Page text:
Derek Gaspard, owner of Insane Sausages, says ‘it was challenge to see how crazy I could get’

Published 12:00 pm Wednesday, January 4, 2023

Derek Gaspard, owner of Insane Sausages, is opening a second location in Sulphur. For the uninitiated who have heard the name of Gaspard’s place and thought, “just another guy who thinks he makes good sausage,” think again. Yes, Gaspard offers sausage, et al. What makes his sausage different is the vast selection and the absolutely unique combinations and flavor profiles.

For crawfish boil lovers who’d rather dispense with the labor and enjoy the bounty of soon-to-be-here mudbug season in a single bite, try Insane Sausages Crawfish Boil, which is pork, crawfish tails, corn and potatoes in a casing and seasoned to perfection. Add Parmesan Garlic Style Sausage to any pasta and not much more is needed. Southern Country Breakfast will get a body going with its potato, breakfast sausage, eggs, cheese and white gravy mix. Winner, winner chicken dinner is the sausage with the most fun name. The Steen’s Syrup Sausage is the most popular seller.

The Sulphur Boudin Wars winner is often booed by traditionalists.

“They tell me I shouldn’t call my Mexican pork, rice, enchilada sauce, corn tortillas and cheese boudin, boudin.”

Gaspard’s business origin story begins much like the stories of sausage makers who have come before him. Growing up in Vinton, his dad and a neighbor hosted well-attended deer sausage- and boudin-making events once a year.

“That’s not uncommon around here you know,” Gaspard said. “Families and friends get together and put up as much as 500 pounds of sausage, but at the time I never dreamed it would evolve into a profession.”

The Vinton native had a good-paying job at a Texas refinery when his wife, Daicha, bought him a sausage stuffer for Christmas. (She heads up operations and doesn’t like the limelight.)

Unlike many sausage makers, Gaspard is a creative foodie. He started making sausage and bringing it to work for co-workers to sample, gradually experimenting with what he put in it and getting more “out of the box” each time.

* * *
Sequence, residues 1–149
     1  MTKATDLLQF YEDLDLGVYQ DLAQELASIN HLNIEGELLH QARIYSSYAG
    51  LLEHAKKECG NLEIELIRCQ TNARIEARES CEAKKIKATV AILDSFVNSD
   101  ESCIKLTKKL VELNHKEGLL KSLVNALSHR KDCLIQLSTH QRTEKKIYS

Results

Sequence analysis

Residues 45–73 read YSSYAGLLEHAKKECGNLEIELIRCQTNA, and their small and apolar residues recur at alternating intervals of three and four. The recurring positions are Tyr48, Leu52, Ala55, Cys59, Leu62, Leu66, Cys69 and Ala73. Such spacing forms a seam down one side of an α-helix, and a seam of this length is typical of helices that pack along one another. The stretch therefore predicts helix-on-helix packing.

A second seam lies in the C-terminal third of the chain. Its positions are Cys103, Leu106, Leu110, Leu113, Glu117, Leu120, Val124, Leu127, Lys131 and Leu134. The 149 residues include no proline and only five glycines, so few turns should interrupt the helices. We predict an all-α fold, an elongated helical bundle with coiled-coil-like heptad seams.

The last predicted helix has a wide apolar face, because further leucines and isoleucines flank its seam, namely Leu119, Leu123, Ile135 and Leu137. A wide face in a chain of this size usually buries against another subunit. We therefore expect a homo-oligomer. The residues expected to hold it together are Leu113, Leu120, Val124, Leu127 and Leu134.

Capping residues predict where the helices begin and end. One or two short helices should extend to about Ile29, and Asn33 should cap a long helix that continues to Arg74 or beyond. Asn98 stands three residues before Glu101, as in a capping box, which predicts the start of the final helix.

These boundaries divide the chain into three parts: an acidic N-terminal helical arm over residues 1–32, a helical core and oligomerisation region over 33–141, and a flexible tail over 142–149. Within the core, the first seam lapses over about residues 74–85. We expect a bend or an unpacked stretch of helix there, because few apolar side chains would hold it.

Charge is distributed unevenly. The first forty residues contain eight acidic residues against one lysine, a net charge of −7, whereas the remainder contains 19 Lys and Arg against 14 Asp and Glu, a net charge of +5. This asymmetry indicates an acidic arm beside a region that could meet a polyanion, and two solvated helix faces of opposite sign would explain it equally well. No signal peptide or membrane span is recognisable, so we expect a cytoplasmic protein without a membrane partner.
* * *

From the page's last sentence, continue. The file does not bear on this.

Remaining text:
“It was a challenge to see how crazy I could get,” he said.

Co-workers kept eating it up and begging for more. The McNeese Business School graduate thought maybe he was onto something, but then again, who turns down free sausage. On a day when eight of these encouraging coworkers were chatting about the potential of a sausage and boudin making business venture, Gaspard responded.

“To get them off my back, I told them that if I researched the name Insane Sausages – because that’s how they would describe my combinations – and it was not taken as an LLC and web address, I would buy the license.”

It wasn’t, and he did. The year was 2015.

He kept working at the refinery, and eventually Gaspard and his father found a building in Vinton. It needed a lot of work. He and his dad did the work and it took some time.

In 2019, Gaspard opened Insane Sausages in Vinton. It’s out of the way, but customers have found him, and a large portion of those customers are from Texas. Insane Sausages, Vinton, is open on Friday, Saturday and Sunday for traditional/special boudin, traditional/special sausage and menu items including the popular Cajun Fries, Gaspard’s take on a Cajun Poutine. It is a bed of French fries with boudin crumbles, cheese, Insanity Sauce,(a remoulade-type sauce), ranch dressing and green onions. Other menu items – and the menu will change from day to day – will be po boys, sandwiches, pistolettes, roll-ups (something fried in an egg roll wrapper), seafood, burgers and boudin balls.

The Sulphur Insane Sausages location is 303 S. Cities Service Hwy. (where Cast and Cleaver was located). Up to 40 refrigerated and menu items will be available, and customers can expect something different every day. Gaspard said he is tentatively planning to open seven days a week at the Sulphur location in a couple of weeks.

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